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Adobe Community Professional ,
Nov 13, 2021 Nov 13, 2021

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quote

I drop them straight from LrC to Adobe Stock as RAW. Adobe Stock converts them to jpeg at whatever resolution they determine. I believe that's 300 dpi. And, I've reposted the photo below at a resolution of 500. Hope that gives you a better look.


By @Michael J McDonald

Those with LrC probably drop them via LrC to stock, except if you do submissions to multiple stock providers. Forget about the dpi value. It's irrelevant for our needs and can mostly be ignored, except if you want to see if an image can be printed at a given size in inches/cm at a required quality. Photographers need pixel resolution.

Abambo_0-1636806159143.png

1200x800 is by far not enough to see the image defects! 🙂

Your 90D has a max resolution of 6960 x 4640, so the picture you post here should have that resolution minus the eventually applied crop.

ABAMBO | Hard- and Software Engineer | Photographer

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Community Beginner ,
Nov 13, 2021 Nov 13, 2021

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When I try to resize this image I get an error message that it exceeds the max of 10024K. What dimensions should it be set at in order to be under the max? It has not been cropped so it far exceeds this limit.

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Enthusiast ,
Nov 13, 2021 Nov 13, 2021

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You can export them directly from LrC, leaving Resize ot fit unchecked and the default 72 ppi is fine. As @Abambo hinted, the ppi/dpi is irrelevant except for printing. What matters for stock (and here to see it in detail) is the total size in pixels.

MNiessenPhoto_0-1636815957889.png

 

Michael

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Michael Niessen - Photographer, photo-editor, educator

Photo-editing (Ps/Lr/LrC) and photography workshops & one-on-one training (off- and online)

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Community Beginner ,
Nov 13, 2021 Nov 13, 2021

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IMG_7873.jpg

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Community Beginner ,
Nov 13, 2021 Nov 13, 2021

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I think I figured it out. The latest photo posted is according to those specs you gave me. I appreciate all your help with this. 

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Enthusiast ,
Nov 13, 2021 Nov 13, 2021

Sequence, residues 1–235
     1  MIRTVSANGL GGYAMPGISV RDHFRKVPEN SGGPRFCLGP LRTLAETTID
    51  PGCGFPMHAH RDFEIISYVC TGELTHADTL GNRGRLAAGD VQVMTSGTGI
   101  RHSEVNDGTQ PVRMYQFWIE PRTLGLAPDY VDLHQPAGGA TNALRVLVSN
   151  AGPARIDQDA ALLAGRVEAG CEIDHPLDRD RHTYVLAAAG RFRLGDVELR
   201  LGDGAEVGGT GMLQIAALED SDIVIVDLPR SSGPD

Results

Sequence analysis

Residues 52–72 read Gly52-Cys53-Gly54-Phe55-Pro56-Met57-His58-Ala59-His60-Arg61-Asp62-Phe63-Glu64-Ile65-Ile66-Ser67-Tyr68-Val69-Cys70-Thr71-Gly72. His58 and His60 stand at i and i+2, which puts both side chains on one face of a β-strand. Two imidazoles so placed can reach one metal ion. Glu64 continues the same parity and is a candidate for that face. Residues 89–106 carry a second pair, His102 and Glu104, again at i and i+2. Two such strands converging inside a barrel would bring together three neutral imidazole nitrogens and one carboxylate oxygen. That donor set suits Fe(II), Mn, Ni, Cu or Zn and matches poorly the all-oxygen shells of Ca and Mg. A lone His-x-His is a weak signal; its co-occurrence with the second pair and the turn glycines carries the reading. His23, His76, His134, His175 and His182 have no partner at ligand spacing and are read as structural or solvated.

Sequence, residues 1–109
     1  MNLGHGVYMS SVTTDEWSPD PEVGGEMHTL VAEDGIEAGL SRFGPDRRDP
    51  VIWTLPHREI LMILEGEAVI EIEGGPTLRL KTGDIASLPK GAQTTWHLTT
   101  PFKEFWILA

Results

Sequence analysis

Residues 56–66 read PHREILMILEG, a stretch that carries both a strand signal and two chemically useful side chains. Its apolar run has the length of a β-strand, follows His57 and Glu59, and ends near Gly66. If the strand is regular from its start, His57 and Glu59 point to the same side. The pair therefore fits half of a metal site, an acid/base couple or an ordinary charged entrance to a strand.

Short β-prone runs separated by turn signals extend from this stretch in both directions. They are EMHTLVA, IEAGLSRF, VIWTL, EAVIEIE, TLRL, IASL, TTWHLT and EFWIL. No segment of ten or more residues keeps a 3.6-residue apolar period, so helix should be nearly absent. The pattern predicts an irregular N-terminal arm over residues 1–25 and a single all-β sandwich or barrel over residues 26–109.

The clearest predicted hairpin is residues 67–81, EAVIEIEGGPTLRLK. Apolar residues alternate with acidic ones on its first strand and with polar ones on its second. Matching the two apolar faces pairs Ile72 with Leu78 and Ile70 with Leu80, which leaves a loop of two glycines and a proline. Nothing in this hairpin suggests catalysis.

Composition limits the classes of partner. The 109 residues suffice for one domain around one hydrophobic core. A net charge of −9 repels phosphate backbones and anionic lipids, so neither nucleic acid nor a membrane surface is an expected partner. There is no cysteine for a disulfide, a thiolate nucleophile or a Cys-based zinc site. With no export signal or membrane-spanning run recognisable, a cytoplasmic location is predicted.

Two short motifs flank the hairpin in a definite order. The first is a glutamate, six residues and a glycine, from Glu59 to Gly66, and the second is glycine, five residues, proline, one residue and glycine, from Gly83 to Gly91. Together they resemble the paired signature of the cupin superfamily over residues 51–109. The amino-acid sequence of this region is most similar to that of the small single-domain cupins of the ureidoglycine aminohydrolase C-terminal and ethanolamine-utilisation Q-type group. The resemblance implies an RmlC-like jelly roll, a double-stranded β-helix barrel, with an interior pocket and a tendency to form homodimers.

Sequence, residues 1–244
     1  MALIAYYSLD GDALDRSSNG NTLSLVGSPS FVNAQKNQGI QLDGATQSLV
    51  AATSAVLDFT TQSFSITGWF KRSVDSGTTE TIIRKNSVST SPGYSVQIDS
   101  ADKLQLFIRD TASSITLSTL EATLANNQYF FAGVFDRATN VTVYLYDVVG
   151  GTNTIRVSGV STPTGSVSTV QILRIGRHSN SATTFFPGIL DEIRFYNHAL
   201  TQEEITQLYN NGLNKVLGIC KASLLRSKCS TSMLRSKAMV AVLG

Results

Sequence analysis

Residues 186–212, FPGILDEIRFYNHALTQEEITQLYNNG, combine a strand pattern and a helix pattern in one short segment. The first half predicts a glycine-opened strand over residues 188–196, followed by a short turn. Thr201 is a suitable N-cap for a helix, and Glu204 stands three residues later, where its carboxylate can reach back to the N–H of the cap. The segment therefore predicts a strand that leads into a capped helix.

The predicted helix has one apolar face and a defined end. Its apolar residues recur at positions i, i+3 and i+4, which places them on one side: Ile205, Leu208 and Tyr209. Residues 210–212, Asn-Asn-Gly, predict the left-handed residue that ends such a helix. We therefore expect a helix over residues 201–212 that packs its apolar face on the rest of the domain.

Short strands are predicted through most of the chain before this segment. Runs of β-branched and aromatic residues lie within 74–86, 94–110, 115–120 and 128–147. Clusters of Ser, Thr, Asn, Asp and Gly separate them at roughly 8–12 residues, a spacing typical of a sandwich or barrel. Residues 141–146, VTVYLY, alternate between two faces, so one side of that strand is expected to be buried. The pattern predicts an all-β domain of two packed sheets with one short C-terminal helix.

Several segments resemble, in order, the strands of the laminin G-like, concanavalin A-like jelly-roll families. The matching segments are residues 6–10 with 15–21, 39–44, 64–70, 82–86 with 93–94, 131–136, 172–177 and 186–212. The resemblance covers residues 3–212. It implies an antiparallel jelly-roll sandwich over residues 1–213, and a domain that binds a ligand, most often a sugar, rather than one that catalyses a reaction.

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Yes, the picture is now visible in high res.

Besides what I had mentioned previously, the picture is not sharp. There is motion blur, particularly noticeable here:

MNiessenPhoto_0-1636817693838.png

Hope that helps,

Michael

_____________

Michael Niessen - Photographer, photo-editor, educator

Photo-editing (Ps/Lr/LrC) and photography workshops & one-on-one training (off- and online)

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Community Beginner ,
Nov 13, 2021 Nov 13, 2021

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Thanks. That does help. Next week, I'll be switching to mirrorless with the R6. Another learning curve.

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Adobe Community Professional ,
Nov 14, 2021 Nov 14, 2021

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Hello,

If you ask me, I would check the white balance! The car shot is just a little too yellow. The white paint on the car isn't white, but has a slight yellow cast. Perhaps this is an issue. 

Yellow cast:

 

IMG_7873white balance.jpg

 

Corrected:

IMG_7873white balance-corrected.jpg

Your shutter speed is rather slow as well - 1/40 sec. Did you hand hold these?

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Community Beginner ,
Nov 14, 2021 Nov 14, 2021

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I need to do better with white balance.  And, I should have adjusted the shutter speed. (I was in AV.) It was hand held. Didn't realize it was that low. No excuse, but I was shooting street photography by myself and not in a nice part of town. Wanted to get the shot and keep moving before I attracted attention so I didn't check my settings. I need to back there with a friend.